Presidential hopeful [France] Nicolas Sarkozy reckons that climate change is not caused by man and that the world has far bigger problems on its hands than global warming. Nicolas Sarkozy, who is fighting to regain the presidency that he lost to François Hollande in 2012, has finally come out of the closet as a climate skeptic. Speaking in front of business leaders Sarkozy, a candidate for Les Republicains party primary in November, told them that man alone was not to blame for climate change. “Climate has been changing for four billion years,” the former president said according to AFP. “Sahara has become a desert, it isn’t because of industry. You need to be as arrogant as men are to believe we changed the climate.” —The Local, 15 September 2016
Nicolas Sarkozy, the centre-right candidate for the Presidential elections in 2017, said that “humans were not the only ones responsible” for climate change. “Much is said about climate change; it is very interesting, but the climate has been changing for 4.5 billion years. Mankind is not solely responsible for this change” said the former French President according to comments reported by AFP’s Gerald Darmanin. “I’d rather we talk about a more important issues.” —Le Figaro, 14 September 2016
In 2008 — at the height of the global warming scare — our Bureau of Meteorology warned of endless drought. “Perhaps we should call it our new climate,” said its head of climate analysis, David Jones. “There is a debate in the climate community, after … close to 12 years of drought, whether this is something permanent.” So I was surprised this week to hear again from Jones, now the bureau’s head of climate predictions, as record rains again drowned our paddocks, flooded our rivers and filled our dams. Without a single “whoops” or “sorry”, Jones announced Australia had just had its second-wettest winter on. The droughts are long gone. Floods have since drowned parts of Brisbane and filled dams to overflowing in Sydney as well. Could the global warming experts explain how they got this so wrong? –Andrew Bolt, Herald Sun, 14 September 2016
A meteorological clash of nations is confounding the world’s commodity markets. Global weather agencies can’t agree on whether to expect a La Nina event in coming months. The U.S. has backed off its prediction, Australia remains watchful, while Japan has decided La Nina is already here. Disagreements arise because each nation has different standards for measuring the weather. The ocean-cooling phenomenon — a shift from last year’s warming El Nino — can roil commodities markets with dramatic shifts in weather that wreak havoc on demand and supplies. The yes-no-maybe confusion is giving heartburn to natural gas, coal and agricultural traders who depend on forecasts to place bets on whether prices will rise or fall. –Brian K Sullivan, Bloomberg, 14 September 2016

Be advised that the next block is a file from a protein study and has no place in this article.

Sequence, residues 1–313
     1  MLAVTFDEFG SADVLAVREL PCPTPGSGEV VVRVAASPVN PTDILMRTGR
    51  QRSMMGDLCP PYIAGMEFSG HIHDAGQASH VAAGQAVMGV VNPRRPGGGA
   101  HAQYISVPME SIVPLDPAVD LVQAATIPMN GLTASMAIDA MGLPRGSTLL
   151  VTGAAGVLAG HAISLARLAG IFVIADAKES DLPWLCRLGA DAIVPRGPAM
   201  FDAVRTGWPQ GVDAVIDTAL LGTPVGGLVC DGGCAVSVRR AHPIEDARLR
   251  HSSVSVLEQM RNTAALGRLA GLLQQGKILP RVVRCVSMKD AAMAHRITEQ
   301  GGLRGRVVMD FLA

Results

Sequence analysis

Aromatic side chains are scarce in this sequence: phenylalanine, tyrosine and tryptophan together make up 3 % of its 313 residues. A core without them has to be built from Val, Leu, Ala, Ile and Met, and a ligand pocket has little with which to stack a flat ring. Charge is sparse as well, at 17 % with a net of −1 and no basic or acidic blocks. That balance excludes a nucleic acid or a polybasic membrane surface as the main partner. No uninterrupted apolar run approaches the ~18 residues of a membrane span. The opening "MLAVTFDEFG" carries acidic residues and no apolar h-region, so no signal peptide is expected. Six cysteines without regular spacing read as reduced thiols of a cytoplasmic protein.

In most of the discussions about the factors behind the record-breaking global temperature of 2015 and probably 2016, the crucial contribution made by an intense El Niño is often mentioned, though not as often as it should be. Mentioned even less is the so-called Pacific “blob.” According to researchers writing in the journal Nature, “Between the winters of 2013/14 and 2014/15 during the strong North American drought, the northeast Pacific experienced the largest maritime heatwave ever recorded.” The blob’s contribution to the record global temperatures is significant. Is it also delaying the La Niña? –David Whitehouse, Global Warming Policy Forum, 13 September 2016
Americans’ trust and confidence in the mass media “to report the news fully, accurately and fairly” has dropped to its lowest level in Gallup polling history, with 32% saying they have a great deal or fair amount of trust in the media. This is down eight percentage points from last year. —Gallup, 14 September 2016
Trackback from your site.